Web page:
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How will Lewis turn it around?

Sky Sports logo Sky Sports 27-09-2016
© AP Photo

Lewis Hamilton has seen his 19-point lead emphatically wiped out in the three races following the summer break and now trails Nico Rosberg in a Drivers' Championship that looks likely to go the distance. 

But with just six races left in a gripping 2016 campaign, and four in the next five weeks, we examine what Hamilton needs to wrestle the momentum back from his Mercedes team-mate.

Sorting the startsThe world champion's admission that his championship "could be lost through starts" was an eye-opener, but the explanation of his issues with the new-for-2016 start procedure was possibly even more worrying for Hamilton fans. According to 31-year-old, the clutch gave more torque in Italy, leaving him stranded on the grid and effectively losing him the race "because it wanted to".

It's clear the Brit has little faith in his getaways, and little idea in how to improve them. Considering this is a variable that has cost him places from pole on the first lap five times already this season, the indecision from such a skilled driver is troubling.

"It will happen again, sometime in the next seven races," a fearful Hamilton added before the last GP. Equipped with an identical machine to a team-mate and title rival in form, it's an area where he must somehow find answers.

Clean weekends Hamilton knew an engine penalty was on its way in the second half of the season and he impressively converted his back-of-the-grid start in Belgium to a third-place finish. He would, however, have hoped that other reliability concerns, which have already badly blighted him in 2016, were a thing of the past as the title race entered its sprint to the finish. But in Singapore, Hamilton endured his scrappiest weekend, both on-track and in the garage, in months.

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Usually so assured on a street circuit, Hamilton was throwing his W07 around the Marina Bay track limits during qualifying, paying the price for his lack of practice running due to separate suspension and hydraulics failures. "The time lost yesterday has proved more valuable than I thought," admitted Hamilton after being beaten by both Rosberg and Red Bull's Daniel Ricciardo on race day.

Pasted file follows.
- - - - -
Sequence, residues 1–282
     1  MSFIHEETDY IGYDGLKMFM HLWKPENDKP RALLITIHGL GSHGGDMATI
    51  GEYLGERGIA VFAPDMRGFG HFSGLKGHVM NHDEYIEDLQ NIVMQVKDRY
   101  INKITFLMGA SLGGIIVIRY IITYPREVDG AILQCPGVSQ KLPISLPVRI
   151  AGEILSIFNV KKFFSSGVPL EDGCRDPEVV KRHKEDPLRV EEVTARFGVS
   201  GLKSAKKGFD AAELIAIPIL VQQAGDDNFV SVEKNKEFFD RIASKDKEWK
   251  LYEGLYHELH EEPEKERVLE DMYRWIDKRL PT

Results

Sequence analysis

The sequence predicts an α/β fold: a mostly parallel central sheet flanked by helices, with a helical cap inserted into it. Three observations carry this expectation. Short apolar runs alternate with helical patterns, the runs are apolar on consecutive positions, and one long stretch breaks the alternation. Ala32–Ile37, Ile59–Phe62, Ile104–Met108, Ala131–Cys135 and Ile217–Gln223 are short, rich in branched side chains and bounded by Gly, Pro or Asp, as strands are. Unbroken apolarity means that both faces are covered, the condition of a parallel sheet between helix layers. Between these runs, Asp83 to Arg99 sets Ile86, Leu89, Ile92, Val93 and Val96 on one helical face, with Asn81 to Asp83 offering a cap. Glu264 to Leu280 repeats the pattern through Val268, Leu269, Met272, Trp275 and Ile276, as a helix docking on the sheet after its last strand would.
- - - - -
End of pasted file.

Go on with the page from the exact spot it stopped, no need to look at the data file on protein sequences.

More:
In truth, such was Rosberg's form, he may not have been caught regardless of his team-mate's mechanical woes. But confidence in his team and car set-up was always going to be crucial for a driver who relies heavily on the feel of his machine, as it will be for the final six grands prix.

Clean weekends for both drivers is the order of the day, and it could lead to something special...

Winning the straight fightIt's a question that has dominated their three-season-old partnership and one that, as yet, Rosberg hasn't answered. Can he really beat Hamilton in a straight fight?

Prior to 2016, there would have been a straightforward response. Hamilton could rely on previous mental victories over the German, bullying his way to wins in Japan and the USA last year. The Englishman had his favourite tracks and it seemed that should he hit top form on a weekend, no one could stop him.

But there has been quite the shift within the Rosberg camp this year. Not only does he appear to have matured as a person and improved as a driver, he has conquered battles where he has previously faltered. Five of the his eight victories this season, in Bahrain, Russia, Belgium, Italy and Singapore, have come at tracks where he had never won before.

"For the first time I feel that Nico has the speed, ingredients and confidence to take this title in a straight fight," said Sky F1's Martin Brundle. Has the momentum finally swung Rosberg's way? Is it his title to lose?

There are claims that the Nico-Lewis dynamic has changed, Sir Jackie Stewart has hinted that Hamilton is getting complacent while he has been forced to deny that his hectic summer holidays have had any impact on the title race. Hamilton has been under pressure before and come out on top, but he's never been in this position. How he approaches and finishes this battle from behind could dictate where he stands in the pantheon of F1 greats.

We're set up for a grandstand finish, one that should go down to the wire. This straight battle could be one to remember.

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